The absorbency of the end grain was identified by craftsmen as the problem and sealing of the end grain prior to final glueing to fix it was theorised a long time back, possibly before the 19th century. Certainly by then there was mention in woodworking handbooks of 'sizing' the end grain (painting with thinned glue) prior to application of the full-strength adhesive to the mitre and then bringing the joint together. Done correctly this does create a far stronger union between the mitred pieces than otherwise, but even with that it is not as strong a joint as is sometimes desirable. Bear in mind the context here: the strength of other joints in woodworking is as strong as the material itself, which is quite a high standard to meet.

Using modern PVA-type woodworking adhesives if you want to avoid using any kind of additional reinforcement then this is the method to adopt. In bullet points for clarity:

  • The glue for sizing is normally slightly thinned; by how much is open to debate, but it seems likely the absorbency of the wood species should be the deciding factor.
  • The size is painted on the end grain and left to partially dry.
  • Application of full-strength glue and clamping.

The drying time for the sizing may be anywhere from 15 minutes to an hour, depending on wood species, the glue used and local conditions (temperature and relative humidity).

  • What is used to thin the glue like you mention here?
    – lnafziger
    Dec 14, 2020 at 22:37
  • 1
    @lnafziger. PVA-type adhesives are waterbased, so water.
    – Graphus
    Dec 15, 2020 at 9:14

Look at Patrick Sullivan's "end grain glue" video experiment on YouTube to be amazed by his analysis showing that end-grain glue joints are actually stronger than other grain orientations that have the same amount of bonded surface area. The reason that end-grain joints are dismissed is because the joint is usually small when separate end-grain surfaces need to be attached. In addition, with end-grain joints, the orientation of the grain in the wood makes it much stronger than the glue, whereas in other grain orientations, there are portions of the wood that are weaker than the glue. https://youtu.be/m7HxBa9WVis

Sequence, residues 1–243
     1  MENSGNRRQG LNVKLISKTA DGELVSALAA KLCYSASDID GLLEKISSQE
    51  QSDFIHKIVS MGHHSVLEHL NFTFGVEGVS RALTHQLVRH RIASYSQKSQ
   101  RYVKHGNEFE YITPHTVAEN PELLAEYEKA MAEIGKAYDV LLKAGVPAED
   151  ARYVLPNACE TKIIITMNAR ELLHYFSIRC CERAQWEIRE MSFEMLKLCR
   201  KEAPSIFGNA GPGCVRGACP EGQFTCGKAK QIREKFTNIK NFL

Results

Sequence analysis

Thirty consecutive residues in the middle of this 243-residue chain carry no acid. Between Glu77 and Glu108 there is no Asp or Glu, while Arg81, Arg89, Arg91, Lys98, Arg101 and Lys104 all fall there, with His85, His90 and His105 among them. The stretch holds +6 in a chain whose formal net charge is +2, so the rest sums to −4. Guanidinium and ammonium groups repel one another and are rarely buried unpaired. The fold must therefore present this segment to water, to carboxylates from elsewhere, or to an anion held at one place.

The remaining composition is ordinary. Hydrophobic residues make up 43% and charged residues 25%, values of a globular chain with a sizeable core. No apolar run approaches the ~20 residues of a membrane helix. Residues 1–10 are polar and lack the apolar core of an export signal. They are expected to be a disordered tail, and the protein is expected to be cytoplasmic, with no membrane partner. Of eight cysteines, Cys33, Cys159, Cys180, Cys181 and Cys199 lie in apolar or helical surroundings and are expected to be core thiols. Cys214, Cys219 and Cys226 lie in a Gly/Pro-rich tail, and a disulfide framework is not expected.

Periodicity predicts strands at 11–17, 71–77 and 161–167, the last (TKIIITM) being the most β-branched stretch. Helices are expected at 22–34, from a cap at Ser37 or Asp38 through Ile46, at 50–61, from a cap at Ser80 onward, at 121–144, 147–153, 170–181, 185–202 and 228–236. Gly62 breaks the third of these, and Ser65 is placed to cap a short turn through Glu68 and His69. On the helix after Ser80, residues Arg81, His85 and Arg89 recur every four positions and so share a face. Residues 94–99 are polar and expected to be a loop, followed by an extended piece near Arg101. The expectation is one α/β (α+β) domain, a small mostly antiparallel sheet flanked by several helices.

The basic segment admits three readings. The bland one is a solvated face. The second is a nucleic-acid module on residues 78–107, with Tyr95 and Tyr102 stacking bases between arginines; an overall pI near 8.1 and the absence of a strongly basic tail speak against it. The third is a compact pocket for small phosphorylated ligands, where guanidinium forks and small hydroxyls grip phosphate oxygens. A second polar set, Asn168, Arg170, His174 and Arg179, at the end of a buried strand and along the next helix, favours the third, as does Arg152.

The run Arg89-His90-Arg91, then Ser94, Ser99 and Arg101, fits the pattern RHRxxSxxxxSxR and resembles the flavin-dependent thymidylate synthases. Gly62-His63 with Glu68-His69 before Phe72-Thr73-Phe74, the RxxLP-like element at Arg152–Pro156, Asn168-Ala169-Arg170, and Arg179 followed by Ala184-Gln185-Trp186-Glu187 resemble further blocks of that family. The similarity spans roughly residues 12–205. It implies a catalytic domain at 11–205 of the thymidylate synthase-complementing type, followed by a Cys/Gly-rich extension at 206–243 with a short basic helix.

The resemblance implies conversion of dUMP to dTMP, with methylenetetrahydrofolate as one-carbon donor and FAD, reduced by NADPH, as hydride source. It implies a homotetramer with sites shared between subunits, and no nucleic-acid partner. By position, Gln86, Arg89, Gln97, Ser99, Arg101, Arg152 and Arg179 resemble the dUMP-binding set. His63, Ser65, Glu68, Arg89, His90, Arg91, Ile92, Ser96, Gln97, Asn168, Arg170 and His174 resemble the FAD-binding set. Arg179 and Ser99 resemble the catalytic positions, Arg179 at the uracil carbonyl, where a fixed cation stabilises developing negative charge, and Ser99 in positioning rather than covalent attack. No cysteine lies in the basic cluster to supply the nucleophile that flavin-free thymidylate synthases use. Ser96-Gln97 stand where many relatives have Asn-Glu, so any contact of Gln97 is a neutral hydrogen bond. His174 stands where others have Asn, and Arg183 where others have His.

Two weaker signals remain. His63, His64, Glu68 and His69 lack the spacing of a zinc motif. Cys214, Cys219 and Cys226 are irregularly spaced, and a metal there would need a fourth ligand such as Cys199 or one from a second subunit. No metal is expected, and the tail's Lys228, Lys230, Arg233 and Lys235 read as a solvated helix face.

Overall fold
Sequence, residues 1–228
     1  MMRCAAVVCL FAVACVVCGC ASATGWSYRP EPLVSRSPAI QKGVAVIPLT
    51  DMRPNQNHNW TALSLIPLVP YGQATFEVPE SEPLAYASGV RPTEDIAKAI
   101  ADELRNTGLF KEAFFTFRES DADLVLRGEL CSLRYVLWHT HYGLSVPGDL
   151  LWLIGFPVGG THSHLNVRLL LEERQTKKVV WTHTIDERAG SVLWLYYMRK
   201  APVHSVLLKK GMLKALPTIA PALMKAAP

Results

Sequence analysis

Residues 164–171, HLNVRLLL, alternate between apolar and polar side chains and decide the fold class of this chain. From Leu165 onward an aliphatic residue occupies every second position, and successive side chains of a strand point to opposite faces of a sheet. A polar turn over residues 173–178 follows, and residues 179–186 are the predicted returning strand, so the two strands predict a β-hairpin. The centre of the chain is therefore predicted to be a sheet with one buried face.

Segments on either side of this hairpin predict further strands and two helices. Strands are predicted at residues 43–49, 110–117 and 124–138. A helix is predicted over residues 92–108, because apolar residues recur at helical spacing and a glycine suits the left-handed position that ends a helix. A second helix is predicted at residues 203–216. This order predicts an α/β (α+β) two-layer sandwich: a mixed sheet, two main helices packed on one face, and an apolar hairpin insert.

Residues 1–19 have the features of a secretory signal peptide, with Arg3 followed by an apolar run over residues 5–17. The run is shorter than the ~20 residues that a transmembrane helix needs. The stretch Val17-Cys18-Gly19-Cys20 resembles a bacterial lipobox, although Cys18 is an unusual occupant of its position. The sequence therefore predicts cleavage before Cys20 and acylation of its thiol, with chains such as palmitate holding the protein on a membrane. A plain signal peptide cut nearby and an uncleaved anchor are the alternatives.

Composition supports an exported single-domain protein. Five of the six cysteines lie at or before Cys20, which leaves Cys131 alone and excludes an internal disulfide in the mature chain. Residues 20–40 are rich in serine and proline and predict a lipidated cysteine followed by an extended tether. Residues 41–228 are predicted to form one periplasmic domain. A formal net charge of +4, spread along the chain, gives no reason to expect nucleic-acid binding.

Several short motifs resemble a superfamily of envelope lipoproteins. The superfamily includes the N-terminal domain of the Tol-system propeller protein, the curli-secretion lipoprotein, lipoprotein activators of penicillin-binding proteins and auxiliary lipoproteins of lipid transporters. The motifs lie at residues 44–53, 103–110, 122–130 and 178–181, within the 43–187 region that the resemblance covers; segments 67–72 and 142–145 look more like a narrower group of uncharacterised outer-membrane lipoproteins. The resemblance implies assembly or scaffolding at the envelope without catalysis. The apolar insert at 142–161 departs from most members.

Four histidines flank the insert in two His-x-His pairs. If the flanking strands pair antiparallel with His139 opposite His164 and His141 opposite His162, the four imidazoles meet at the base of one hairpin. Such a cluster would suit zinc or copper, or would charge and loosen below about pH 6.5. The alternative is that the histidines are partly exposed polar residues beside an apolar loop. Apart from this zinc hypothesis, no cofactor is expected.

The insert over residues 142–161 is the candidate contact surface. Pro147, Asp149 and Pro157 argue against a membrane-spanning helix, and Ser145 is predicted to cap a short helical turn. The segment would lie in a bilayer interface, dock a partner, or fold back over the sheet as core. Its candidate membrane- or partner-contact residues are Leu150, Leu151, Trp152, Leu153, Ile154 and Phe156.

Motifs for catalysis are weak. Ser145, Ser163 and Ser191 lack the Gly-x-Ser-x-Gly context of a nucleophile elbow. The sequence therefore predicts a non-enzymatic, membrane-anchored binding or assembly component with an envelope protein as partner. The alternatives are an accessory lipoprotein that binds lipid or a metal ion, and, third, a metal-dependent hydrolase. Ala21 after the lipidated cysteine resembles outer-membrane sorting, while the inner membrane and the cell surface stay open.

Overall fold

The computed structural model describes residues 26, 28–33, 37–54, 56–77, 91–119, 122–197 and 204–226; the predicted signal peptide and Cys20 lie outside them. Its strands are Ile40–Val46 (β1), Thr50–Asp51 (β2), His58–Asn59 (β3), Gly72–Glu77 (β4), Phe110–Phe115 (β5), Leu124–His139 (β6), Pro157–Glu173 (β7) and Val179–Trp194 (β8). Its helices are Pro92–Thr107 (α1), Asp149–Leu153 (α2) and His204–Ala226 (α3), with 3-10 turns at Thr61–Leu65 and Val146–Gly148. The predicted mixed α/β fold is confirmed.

• 2
    You may as well refer to all the follow-on videos as well that add to the story, which is not at all surprising. It is rarely the glue (in a good joint) that fails, but rather the wood around it. The nature of the break isn't all that useful, actually. For example, no one is going to change when and how they make mitres -- they are strong enough. And tradespeople aren't going to start end-gluing boards to make them longer. It isn't the strength of that glue line that determines how dimension lumber will be used. Practical woodworking doesn't really change as a result of this lab work.
    – user5572
    Oct 12, 2021 at 12:21
  • 1
    This link was posted here recently. I watched the video and was amazed both at how good the results were and how this just hadn't occurred to anyone before. However, one thought was nagging at me throughout the whole video- "when in the world will I ever be able to apply this knowledge?" About the only time would be to make butt joints instead of mitered joints, and that's only because I'm not yet good at cutting miters - they look much better IMHO than a butt joint.
    – FreeMan
    Oct 12, 2021 at 16:47

I have read that some will prep the end grain with a pre-glue job. apply some glue to the end grain and let it dry, then actually do the glue up job.

However, you still have the issue that the structure of end grain is not an ideal surface for glue. I never leave a corner as a glue only joint. There are many different kinds of joinery out there to strengthen the joints and I always try to use one of them.


Another consequence of the structure of wood is that those little straws don't have as much surface area for glue to adhere to as with side grain.

There are 'pore fillers' that will help even out the blotchiness of staining woods, and they can be used on end grain. I'm not sure if anyone has experimented whether or not they affect an end-grain glue joint though.


Your result will never be as good as cross grain on cross grain. TiteBond manufactures a thick and long working time glue designed for end grain called "No Run, No Drip Wood Glue" (Titebond Quick & Thick Multi-Surface Glue). I've used this before and I've been pleased with the results.